Detecting hidden mold and plumbing issues

3 Replies

I invest in off market properties and have always been a little worried about going into properties with hidden big ticket problems as the wholesalers dont give enough time - plumbing and mold are big on that hidden list, in my opinion. I can kind of approximate plumbing repairs but wanted to know if there are any easy ways to spot any hidden mold. Are there any tools/sensors that could help with mold detection that other investors have used ? I heard that mold problems can be very expensive to get fixed. What do experienced investors look for in terms of mold and plumbing to spot hidden problems?
Originally posted by @Sonu Sharma :
I invest in off market properties and have always been a little worried about going into properties with hidden big ticket problems as the wholesalers dont give enough time - plumbing and mold are big on that hidden list, in my opinion.

I can kind of approximate plumbing repairs but wanted to know if there are any easy ways to spot any hidden mold. Are there any tools/sensors that could help with mold detection that other investors have used ? I heard that mold problems can be very expensive to get fixed.

What do experienced investors look for in terms of mold and plumbing to spot hidden problems?

Great questions. What I think should be in your tool bag for inspections for those problems is a non-penetrating moisture meter. Assuming the plumbing is fully charged, and the home has been inhabited recently, you can use the moisture meter to probe around areas that are common to damage: plumbing walls, cabinet toe kicks and bases, kitchen and bathroom floors, shower or tub surrounds, below the washer drain box, etc. The meter will detect the presence of moisture.

Always get a dry reading first from the same material in an area you know has no water damage first. For instance, if I want to get a reading of sheet rock I suspect, first I'd get a sheet rock reading high off the floor and far from the area I suspect. This is my "dry standard" reading. Next, I compare the suspect area's reading to the first reading. I expect the sheet rock in a home to all have the same moisture content, and if I found a significant variation, that might be cause for some exploratory demolition. Same would apply to flooring: if I found that the flooring beside a commode had a higher moisture content compared to the same flooring at the doorway, that might cause me to conclude a wax ring has failed or a supply line has failed behind a commode.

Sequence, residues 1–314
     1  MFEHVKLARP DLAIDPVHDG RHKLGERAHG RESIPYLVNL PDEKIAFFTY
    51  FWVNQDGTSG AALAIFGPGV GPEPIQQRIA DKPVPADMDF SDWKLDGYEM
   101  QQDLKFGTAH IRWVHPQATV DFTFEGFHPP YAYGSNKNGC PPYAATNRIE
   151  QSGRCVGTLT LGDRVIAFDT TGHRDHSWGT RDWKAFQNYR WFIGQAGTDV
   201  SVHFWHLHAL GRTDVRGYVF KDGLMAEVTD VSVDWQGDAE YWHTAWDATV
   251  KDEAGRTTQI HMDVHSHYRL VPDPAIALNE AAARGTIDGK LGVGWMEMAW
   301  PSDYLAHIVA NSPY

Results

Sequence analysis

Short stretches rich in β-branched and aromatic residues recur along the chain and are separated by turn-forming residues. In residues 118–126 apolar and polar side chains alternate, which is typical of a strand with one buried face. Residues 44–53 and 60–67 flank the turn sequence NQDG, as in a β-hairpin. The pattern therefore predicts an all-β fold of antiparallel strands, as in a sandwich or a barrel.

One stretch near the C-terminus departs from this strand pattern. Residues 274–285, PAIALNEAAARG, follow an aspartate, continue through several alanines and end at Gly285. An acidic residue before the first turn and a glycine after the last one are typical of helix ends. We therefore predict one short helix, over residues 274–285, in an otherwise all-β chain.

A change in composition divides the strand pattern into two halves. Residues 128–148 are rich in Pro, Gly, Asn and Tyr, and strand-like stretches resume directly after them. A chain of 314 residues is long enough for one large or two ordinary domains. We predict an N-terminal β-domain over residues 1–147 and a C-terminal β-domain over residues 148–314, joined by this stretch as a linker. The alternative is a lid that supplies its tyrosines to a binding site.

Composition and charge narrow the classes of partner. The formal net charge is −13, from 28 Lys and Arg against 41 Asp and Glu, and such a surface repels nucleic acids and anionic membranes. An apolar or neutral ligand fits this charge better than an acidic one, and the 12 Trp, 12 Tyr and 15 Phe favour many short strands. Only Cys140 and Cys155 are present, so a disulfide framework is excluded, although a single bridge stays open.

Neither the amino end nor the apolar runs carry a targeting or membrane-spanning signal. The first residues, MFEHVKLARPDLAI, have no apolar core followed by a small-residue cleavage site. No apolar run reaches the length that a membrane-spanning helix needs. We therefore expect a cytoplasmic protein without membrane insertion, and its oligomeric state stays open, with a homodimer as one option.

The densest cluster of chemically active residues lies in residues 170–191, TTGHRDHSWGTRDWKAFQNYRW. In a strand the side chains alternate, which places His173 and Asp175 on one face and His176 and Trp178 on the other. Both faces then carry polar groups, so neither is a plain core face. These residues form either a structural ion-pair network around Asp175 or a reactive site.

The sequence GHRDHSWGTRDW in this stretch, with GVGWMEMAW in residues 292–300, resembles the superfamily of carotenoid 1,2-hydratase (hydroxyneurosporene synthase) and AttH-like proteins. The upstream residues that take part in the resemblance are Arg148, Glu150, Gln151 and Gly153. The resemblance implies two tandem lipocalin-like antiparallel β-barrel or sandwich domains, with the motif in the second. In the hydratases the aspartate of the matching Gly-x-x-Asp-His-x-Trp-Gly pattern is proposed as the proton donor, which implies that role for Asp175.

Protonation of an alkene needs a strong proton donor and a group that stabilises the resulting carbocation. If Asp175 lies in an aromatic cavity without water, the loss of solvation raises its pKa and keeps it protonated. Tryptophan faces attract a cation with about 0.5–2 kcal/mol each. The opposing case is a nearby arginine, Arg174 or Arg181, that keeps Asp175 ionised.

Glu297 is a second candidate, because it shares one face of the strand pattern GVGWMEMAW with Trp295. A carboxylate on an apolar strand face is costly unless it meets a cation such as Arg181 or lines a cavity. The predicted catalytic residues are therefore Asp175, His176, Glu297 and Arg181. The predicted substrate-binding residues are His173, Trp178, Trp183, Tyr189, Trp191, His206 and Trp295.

For mold to be present, we first need cellulose (wood, MDF, paper, etc). Next we need mold spores (no problem, those are everywhere in the normal environment), and finally we need sufficient moisture. So since homes are made of cellulose and mold spores are ubiquitous in the normal outdoor environment, we need to determine somehow what has been wet.

Preforming visual inspections for mold is also possible in attics, crawlspaces, beneath cabinets, etc. Also red flags might include a "sagging" appearance to paint, yellow stains on ceilings, peeling paint on window sills, etc.

I'm actually just getting into mold remediation myself and have learned a ton about it recently. Get a moisture meter, like Sean mentioned. Look for signs of moisture or past moisture.

Mold needs three things. Oxygen, a food source, and moisture. The first two are everywhere, as well as the spores themselves. Moisture is the key.

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